able to build his career on the backs of other musicians.
"Babe I’m Gonna Leave You
This song, more than any other track on Led Zeppelin’s debut album, established their epic sweep. It was written by American folk singer Anne Bredon in the 1950s: Jimmy Page and Robert Plant, however, were fans of Joan Baez and knew the track from her 1962 album Joan Baez in Concert, Part 1. (Page has said that he learned the song in the days of sitting in the darkness, playing my six-string behind Marianne Faithfull.) Led Zeppelin credited the song as traditional (and gave arrangement credit to Page); in fairness to them, Baez’s album also mistakenly listed the song as traditional. Bredon was apparently unaware that Led Zeppelin had covered her song: When she found out in the Eighties, she agreed to split the royalties with the band, and is now listed as co-author.
Dazed and Confused
Page also did this song with the Yardbirds, but the origin is actually singer-songwriter Jake Holmes, who included it on his 1967 album The Above Ground Sound of Jake Holmes. Page has claimed to be unaware of Holmes’ song, but the title and much of the music are unmistakably the same (Page rewrote most of the lyrics). Page apparently heard the song when Holmes opened for the Yardbirds at a Greenwich Village gig. For decades, Holmes declined to sue for authorship; as he put it, I said, ‘What the hell, let him have it.' In 2010, however, Holmes finally filed suit; the case was settled out of court and the 2012 Zeppelin live album Celebration Day credits the song as written by Page; inspired by Jake Holmes.
Whole Lotta Love
When it came time for Plant to lay down vocals over Page’s guitar riff – one of the first times he ever contributed lyrics to a Zeppelin track–he quoted from You Need Love, a song written by Willie Dixon and sung by Muddy Waters in 1962. (Dixon sued in 1985, settled out of court, and is now listed as co-writer.) As Plant later described it, I just thought, ‘Well, what am I going to sing?’ That was it, a nick. Now happily paid for. At the time, there was a lot of conversation about what to do. It was decided that it was so far away in time and influence that … Well, you only get caught when you’re successful. That’s the game. It’s worth noting, however, that only seven years separate You Need Love and Whole Lotta Love.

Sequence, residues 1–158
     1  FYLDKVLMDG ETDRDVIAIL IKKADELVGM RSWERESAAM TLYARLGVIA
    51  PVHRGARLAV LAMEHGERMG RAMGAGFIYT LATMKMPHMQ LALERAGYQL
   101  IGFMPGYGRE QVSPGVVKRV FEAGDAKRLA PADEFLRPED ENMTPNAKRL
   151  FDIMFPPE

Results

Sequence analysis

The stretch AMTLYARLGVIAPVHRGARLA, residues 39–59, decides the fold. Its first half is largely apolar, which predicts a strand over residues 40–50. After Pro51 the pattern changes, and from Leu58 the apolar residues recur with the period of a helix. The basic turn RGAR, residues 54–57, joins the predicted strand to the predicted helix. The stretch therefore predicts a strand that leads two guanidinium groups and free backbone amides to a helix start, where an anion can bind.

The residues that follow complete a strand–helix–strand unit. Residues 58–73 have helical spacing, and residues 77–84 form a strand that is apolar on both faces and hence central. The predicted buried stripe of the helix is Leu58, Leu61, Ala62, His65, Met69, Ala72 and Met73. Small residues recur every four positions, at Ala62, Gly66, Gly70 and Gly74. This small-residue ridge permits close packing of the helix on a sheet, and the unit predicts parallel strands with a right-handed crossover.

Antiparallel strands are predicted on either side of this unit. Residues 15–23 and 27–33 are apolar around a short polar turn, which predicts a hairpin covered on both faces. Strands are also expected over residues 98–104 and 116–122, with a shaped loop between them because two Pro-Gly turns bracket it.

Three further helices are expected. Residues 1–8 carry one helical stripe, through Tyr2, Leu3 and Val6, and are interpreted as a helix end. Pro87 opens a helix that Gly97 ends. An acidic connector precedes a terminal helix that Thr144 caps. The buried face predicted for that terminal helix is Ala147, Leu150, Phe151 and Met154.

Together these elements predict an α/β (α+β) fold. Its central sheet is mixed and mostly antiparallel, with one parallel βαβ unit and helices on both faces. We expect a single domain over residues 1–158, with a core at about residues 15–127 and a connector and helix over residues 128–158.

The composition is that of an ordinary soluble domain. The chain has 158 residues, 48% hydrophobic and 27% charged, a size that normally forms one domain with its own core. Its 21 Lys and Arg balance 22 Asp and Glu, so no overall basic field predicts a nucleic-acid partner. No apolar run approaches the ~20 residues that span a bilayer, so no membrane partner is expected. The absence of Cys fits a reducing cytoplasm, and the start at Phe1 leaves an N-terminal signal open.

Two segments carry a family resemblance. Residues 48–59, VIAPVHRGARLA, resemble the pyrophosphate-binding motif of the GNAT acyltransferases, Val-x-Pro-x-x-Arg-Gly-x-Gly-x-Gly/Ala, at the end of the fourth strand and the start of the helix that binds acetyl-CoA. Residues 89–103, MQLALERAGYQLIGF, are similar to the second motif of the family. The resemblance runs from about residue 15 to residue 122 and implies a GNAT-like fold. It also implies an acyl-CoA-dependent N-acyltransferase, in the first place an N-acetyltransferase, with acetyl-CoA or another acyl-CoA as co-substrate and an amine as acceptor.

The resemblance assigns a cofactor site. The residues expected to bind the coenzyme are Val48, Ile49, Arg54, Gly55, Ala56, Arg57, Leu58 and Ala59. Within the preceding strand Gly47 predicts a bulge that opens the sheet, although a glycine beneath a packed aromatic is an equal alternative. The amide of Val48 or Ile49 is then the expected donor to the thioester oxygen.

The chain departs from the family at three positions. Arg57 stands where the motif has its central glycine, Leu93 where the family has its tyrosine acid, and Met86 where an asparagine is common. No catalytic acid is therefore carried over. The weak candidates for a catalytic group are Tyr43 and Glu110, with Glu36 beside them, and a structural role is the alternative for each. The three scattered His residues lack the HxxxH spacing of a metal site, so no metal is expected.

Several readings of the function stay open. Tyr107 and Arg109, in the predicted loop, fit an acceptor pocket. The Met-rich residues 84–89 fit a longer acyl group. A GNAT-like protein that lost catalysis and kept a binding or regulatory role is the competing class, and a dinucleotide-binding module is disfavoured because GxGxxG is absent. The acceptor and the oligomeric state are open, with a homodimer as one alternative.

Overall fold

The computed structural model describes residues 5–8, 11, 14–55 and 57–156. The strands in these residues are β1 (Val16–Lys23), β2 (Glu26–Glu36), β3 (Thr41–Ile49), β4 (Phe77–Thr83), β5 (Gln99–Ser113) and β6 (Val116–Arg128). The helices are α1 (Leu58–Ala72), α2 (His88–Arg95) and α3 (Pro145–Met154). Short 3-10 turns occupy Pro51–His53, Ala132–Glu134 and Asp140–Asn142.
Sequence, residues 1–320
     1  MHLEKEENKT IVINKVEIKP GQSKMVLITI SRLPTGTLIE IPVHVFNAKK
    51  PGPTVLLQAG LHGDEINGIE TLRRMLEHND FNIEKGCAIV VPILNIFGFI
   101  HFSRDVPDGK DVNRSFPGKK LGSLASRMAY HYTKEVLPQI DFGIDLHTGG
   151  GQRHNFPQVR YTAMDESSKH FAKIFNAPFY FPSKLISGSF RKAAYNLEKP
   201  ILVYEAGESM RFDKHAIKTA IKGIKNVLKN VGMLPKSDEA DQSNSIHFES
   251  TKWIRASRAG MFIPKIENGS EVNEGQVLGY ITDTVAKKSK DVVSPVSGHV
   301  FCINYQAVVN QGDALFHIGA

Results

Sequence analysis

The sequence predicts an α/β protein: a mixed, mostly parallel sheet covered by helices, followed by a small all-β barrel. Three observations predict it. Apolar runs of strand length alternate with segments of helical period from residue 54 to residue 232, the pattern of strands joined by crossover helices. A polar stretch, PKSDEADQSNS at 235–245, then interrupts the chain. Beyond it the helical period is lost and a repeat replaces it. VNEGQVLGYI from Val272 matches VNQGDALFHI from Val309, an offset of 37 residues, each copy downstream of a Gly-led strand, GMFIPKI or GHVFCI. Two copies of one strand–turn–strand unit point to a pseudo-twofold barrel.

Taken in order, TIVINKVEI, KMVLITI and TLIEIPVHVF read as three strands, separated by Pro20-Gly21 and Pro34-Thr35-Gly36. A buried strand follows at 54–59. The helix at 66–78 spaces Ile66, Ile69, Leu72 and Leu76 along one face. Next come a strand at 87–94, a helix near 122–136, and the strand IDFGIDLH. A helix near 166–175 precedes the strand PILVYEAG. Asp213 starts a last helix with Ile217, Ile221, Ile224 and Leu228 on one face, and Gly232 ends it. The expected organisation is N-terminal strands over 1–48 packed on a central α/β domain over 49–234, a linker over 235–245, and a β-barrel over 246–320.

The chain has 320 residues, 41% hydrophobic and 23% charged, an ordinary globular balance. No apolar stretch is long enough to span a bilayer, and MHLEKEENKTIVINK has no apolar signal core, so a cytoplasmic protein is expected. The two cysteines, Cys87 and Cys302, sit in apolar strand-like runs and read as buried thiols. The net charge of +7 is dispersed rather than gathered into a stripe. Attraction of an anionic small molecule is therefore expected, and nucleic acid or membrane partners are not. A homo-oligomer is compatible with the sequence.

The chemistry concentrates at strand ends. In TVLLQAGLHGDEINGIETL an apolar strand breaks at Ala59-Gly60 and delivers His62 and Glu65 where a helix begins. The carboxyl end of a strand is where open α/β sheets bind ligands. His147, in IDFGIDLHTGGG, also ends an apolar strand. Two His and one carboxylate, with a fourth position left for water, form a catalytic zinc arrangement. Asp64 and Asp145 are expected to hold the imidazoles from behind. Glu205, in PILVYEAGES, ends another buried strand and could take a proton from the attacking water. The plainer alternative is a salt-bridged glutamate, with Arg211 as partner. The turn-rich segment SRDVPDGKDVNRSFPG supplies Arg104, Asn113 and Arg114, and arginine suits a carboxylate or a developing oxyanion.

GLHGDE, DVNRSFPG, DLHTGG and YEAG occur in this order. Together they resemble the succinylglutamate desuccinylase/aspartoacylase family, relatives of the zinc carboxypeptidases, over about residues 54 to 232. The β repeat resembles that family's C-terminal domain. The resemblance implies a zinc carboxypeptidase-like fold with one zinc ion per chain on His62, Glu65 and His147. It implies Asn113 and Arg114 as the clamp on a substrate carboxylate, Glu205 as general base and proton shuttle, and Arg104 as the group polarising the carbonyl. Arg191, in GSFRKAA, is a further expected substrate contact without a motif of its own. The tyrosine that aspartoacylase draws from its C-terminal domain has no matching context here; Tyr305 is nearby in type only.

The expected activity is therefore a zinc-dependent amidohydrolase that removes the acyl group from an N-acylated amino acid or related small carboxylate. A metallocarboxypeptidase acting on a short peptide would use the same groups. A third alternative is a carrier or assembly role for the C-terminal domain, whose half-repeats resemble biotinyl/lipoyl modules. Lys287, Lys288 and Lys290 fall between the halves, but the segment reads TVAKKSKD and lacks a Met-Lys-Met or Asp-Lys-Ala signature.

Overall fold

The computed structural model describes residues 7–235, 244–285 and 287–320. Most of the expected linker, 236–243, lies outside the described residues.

The Lemon Song
While the famous lemon-squeezing lyric dates back to Robert Johnson’s Traveling Riverside Blues (also covered by Zeppelin), this song owes more to Howlin’ Wolf’s Killing Floor, which the band had been playing live. A lawsuit soon ensued; as a result, on some pressings of Led Zeppelin II, the track is actually listed as Killing Floor. Ultimately, it reverted to the citrus title, and the band now credits Chester Burnett (Howlin’ Wolf’s real name) as co-author.
Bring It on Home
The closing track on Led Zeppelin II is a Page/Plant composition bookended by quiet bluesy sections. Those bookends, fairly blatantly, are a cover of Bring It on Home, the Sonny Boy Williamson blues song written by Zep favorite Willie Dixon. Page complained, The thing with ‘Bring It on Home,’ Christ, there’s only a tiny bit taken from Sonny Boy Williamson’s version and we threw that in as a tribute to him. People say, ‘Oh, Bring It on Home is stolen.’ Well, there’s only a little bit in the song that relates to anything that had gone before it. However, those bookends are more than a little bit of the track: they form half its running time. On the live album How the West Was Won, released in 2003, the band designated their middle composition as Bring It on Back and gave appropriate credit to Dixon.
Since I’ve Been Loving You
Another track with uncredited elements on loan from another song: In this case, some of the lyrics came from Never, released just two years earlier by one of Plant’s favorite bands, Moby Grape: Working from 11 to 7 every night/Ought to make life a drag became Working from 7 to 11 every night/It really makes life a drag.
Jimmy Page often cited Scottish folk musician Bert Jansch as an influence. So much so that two Zeppelin tracks bear strong similarities to recordings Jansch made: Black Mountain Side borrows heavily from Down by Blackwaterside, while Bron-Y-Aur Stomp is clearly a reworking of Jansch’s The Waggoner’s Lad. Jansch never sued: Although Page gave himself writing credits, the original material is based on folk melodies. But one of Jansch’s bandmates in Pentangle, Jacqui McShee complained, It’s a very rude thing to do. Pinch somebody else’s thing and credit it to yourself.
Hats Off to (Roy) Harper
The last track on Led Zeppelin III, named in tribute to the band’s chum Roy Harper, throws together bits and pieces of various blues songs, most prominently Bukka White’s Shake ‘Em on Down, released in 1937. The band listed the author as Traditional and the arrangement as being by Charles Obscure (a pseudonym for Page).
In My Time of Dying
This 11-minute Physical Graffiti track is credited to Jimmy Page, Robert Plant, John Paul Jones and John Bonham, but it’s clearly the traditional gospel song that was recorded by many other people, starting with Blind Willie Johnson in 1927 (his version was called Jesus Make Up My Dying Bed) and including Bob Dylan in 1962 (he called it In My Time of Dyin' and made no claim on authorship). No lawsuit resulted: The song is in the public domain.
Boogie With Stu
This excellent cover of Ritchie Valens’ song Ooh My Head was originally intended for Zeppelin’s fourth album with a title of Sloppy Drunk. Eventually released on Physical Graffiti, the song was credited to the four members of Led Zeppelin, plus titular pianist Ian Stewart, and Mrs. Valens, in an effort to get some royalties directly to the mother of the original singer, who had died in a 1959 plane crash. Robert did lean on that lyric a bit, Page conceded. So what happens? They try to sue us for all the song! he said indignantly, as if the band hadn’t borrowed the song’s melody wholesale. We could not believe it.